We had lunch at a restaurant near Goose Rocks. Barbara Bush mentioned that the person she greeted as a friend when we all entered the dining room was gay. "I felt that," I said. I paused, then added, "I'm gay." Immediately she answered with a smile: "I felt that."

That was not what I expected to discuss with a 90-year-old former First Lady. But talking about LGBT affairs had sparked something that was visibly disturbing for Mrs. Bush. "Well, you know what I think about President Obama, did you see that he has just appointed a transgender person – are we always calling for the appointment of a heterosexual?"

She said she was not against hiring her I just did not understand why the White House should point out a person's sexual identity. I explained, as much as I could, the sensitivity of the transgender community, because the focus of the fight for LGBTQ rights has been on the G and the L for so long, respectfully reminding them that the White House recognizes a group positive impact on the self-confidence of this group, but also on how other Americans see this group in our society.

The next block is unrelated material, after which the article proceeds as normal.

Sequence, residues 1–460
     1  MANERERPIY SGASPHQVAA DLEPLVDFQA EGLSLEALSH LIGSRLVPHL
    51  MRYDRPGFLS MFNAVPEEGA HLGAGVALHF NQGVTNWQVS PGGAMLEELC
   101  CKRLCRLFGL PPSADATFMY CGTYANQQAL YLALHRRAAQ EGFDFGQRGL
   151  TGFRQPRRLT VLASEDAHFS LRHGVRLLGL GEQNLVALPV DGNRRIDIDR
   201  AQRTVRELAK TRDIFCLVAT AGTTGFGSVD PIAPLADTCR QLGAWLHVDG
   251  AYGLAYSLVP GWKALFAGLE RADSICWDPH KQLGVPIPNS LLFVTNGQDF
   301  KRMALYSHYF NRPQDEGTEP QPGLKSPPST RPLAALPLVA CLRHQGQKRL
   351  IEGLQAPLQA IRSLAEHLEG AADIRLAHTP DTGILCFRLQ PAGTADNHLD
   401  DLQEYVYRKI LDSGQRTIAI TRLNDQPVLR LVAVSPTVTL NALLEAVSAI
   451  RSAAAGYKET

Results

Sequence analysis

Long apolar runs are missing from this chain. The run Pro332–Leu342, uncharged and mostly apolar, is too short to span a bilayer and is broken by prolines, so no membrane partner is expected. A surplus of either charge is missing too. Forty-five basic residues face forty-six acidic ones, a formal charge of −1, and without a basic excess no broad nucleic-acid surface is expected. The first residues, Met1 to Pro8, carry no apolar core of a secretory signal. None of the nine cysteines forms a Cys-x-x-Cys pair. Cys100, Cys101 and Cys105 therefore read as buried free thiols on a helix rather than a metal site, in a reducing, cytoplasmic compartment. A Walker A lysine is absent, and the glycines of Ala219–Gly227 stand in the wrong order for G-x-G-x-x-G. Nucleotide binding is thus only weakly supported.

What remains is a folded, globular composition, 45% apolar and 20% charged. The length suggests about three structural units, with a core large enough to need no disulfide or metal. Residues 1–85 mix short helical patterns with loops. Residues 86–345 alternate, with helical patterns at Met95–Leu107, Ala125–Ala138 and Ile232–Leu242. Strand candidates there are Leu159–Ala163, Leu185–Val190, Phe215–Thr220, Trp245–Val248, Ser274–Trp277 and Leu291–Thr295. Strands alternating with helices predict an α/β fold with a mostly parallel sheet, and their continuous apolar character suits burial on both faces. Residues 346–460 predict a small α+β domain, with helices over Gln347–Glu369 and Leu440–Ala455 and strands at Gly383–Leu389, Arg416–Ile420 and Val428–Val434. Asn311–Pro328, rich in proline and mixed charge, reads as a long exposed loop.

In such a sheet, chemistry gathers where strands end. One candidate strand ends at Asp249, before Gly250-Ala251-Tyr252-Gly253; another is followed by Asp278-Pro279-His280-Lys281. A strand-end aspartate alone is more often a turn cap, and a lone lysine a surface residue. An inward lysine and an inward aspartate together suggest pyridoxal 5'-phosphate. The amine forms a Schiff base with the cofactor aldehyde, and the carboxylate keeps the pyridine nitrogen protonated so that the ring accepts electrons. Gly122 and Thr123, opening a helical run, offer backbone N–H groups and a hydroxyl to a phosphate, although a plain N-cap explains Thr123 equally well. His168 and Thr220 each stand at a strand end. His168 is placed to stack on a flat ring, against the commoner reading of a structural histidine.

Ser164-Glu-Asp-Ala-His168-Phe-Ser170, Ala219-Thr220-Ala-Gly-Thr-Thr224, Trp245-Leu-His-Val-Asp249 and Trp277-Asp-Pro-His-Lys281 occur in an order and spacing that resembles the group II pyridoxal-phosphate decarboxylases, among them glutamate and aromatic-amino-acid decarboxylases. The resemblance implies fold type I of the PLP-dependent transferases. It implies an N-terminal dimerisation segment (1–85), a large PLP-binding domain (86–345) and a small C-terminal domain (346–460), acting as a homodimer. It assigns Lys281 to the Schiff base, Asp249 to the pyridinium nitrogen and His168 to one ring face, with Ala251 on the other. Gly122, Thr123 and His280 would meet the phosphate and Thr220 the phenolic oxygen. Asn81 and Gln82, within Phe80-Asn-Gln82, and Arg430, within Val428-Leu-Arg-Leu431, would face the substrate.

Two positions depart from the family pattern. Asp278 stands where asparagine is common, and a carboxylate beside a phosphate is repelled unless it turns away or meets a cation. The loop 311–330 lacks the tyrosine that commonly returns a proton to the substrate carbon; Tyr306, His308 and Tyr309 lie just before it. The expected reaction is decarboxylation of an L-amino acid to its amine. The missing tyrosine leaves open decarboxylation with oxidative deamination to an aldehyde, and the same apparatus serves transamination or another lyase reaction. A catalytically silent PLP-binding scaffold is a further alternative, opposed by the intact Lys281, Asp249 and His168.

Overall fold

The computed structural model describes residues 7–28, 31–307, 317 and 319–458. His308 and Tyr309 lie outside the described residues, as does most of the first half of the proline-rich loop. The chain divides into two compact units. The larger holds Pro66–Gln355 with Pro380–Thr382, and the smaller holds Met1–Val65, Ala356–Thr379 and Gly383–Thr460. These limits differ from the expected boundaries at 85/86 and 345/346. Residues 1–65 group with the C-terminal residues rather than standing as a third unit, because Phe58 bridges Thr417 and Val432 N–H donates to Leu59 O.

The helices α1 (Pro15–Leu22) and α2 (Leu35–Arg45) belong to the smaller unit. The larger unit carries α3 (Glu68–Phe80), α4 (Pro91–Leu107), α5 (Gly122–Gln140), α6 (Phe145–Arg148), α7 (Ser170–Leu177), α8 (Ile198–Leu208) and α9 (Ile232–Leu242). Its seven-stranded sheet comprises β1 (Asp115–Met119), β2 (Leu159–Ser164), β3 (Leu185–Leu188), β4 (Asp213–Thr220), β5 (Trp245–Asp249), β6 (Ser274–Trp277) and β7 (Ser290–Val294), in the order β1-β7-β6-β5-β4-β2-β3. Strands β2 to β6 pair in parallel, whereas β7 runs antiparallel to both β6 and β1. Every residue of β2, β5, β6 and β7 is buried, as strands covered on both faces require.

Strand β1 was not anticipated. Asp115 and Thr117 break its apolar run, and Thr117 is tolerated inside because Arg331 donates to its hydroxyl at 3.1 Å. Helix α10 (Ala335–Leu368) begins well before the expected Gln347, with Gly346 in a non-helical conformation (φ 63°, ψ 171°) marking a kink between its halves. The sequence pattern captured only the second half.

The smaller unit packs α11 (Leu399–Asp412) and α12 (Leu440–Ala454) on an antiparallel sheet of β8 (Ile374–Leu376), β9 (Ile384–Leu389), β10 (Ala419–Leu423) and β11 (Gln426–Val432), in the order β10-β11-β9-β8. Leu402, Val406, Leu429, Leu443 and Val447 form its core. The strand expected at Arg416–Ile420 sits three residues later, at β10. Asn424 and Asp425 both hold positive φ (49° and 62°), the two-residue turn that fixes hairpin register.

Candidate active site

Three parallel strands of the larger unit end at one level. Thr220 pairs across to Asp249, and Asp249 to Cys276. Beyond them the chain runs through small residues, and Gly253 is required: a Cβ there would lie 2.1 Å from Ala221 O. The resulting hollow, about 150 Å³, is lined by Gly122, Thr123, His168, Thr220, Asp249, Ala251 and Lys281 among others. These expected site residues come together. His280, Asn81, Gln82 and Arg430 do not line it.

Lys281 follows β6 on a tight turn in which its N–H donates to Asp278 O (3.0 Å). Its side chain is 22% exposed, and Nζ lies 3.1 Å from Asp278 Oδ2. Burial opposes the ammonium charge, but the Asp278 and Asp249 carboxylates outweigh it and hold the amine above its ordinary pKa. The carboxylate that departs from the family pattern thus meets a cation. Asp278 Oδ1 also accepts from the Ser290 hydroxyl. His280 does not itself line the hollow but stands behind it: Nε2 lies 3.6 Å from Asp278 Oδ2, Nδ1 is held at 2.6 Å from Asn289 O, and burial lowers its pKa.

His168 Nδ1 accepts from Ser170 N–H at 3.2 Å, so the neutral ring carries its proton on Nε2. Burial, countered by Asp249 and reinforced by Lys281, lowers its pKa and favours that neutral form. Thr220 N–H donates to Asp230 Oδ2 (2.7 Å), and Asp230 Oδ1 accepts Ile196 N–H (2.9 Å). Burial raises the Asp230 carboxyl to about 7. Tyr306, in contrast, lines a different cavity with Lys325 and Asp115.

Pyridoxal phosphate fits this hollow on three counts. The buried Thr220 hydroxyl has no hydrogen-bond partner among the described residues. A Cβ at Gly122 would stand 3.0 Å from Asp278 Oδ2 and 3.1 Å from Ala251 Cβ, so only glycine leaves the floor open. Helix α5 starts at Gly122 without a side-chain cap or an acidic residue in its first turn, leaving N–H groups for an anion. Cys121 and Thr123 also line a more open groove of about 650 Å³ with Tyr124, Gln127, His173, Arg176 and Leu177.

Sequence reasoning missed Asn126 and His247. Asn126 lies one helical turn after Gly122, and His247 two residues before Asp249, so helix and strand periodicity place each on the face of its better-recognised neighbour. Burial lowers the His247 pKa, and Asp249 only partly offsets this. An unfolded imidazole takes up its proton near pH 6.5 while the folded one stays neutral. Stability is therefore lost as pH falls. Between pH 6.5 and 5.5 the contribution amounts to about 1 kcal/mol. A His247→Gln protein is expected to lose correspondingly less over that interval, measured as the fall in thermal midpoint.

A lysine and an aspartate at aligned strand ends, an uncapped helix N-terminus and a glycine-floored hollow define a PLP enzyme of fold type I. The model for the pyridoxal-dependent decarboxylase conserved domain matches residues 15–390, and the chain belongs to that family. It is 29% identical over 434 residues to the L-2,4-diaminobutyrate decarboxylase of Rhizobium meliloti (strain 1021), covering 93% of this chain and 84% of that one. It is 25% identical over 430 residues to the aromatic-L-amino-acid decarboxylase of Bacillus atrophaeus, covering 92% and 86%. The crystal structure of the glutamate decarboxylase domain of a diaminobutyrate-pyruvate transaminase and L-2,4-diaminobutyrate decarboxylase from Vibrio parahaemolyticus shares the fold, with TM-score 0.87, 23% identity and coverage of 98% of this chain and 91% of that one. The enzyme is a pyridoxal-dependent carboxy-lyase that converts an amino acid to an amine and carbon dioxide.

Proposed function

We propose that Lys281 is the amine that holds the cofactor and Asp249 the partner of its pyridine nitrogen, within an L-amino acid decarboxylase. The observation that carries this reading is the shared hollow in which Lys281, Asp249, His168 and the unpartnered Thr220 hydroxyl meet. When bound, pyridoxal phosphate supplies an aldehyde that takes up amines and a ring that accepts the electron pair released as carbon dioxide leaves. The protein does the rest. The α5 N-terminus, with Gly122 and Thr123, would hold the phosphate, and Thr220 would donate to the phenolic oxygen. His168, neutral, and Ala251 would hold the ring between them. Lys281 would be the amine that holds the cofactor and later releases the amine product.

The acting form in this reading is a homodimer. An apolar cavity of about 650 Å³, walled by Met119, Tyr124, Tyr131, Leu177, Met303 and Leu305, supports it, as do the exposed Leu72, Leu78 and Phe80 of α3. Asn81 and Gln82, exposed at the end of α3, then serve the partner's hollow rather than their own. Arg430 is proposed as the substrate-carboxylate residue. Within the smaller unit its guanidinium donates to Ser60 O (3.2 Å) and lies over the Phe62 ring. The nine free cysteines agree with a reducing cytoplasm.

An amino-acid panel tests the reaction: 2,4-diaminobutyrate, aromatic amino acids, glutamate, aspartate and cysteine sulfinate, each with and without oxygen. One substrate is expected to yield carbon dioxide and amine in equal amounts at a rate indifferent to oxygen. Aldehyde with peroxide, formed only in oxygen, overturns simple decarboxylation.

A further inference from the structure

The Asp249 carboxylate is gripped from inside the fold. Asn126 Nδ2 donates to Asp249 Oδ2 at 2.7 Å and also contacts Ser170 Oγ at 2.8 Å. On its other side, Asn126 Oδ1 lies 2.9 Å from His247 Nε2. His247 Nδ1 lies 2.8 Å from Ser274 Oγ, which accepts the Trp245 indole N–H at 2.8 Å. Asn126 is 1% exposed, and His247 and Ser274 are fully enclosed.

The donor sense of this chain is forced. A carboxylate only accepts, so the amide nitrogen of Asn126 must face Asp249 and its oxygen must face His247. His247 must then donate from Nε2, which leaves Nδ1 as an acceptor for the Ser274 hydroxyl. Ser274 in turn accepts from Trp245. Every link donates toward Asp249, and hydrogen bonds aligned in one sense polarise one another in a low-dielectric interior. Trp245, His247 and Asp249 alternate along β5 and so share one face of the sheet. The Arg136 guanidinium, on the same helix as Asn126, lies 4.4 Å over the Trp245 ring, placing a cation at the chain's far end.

She did not seem convinced that the Obama White House had done the right thing. She asked me what I thought of Caitlyn Jenner, who had appeared as a transgendered woman just six months ago. I described it as an important symbol. "But why is she a heroine?" As she repeated the question, Bush wondered how important sex change is for the definition of gender. I told her about my own experience as a gay man: "It is a difficult journey for all of us, and we should only hope that people are happy." I argued that a person should be allowed to agree with their own sexuality or gender identity in their own way. And she agreed. "It's not a choice," she said more as a statement than as a question. "We're wired this way," I agreed.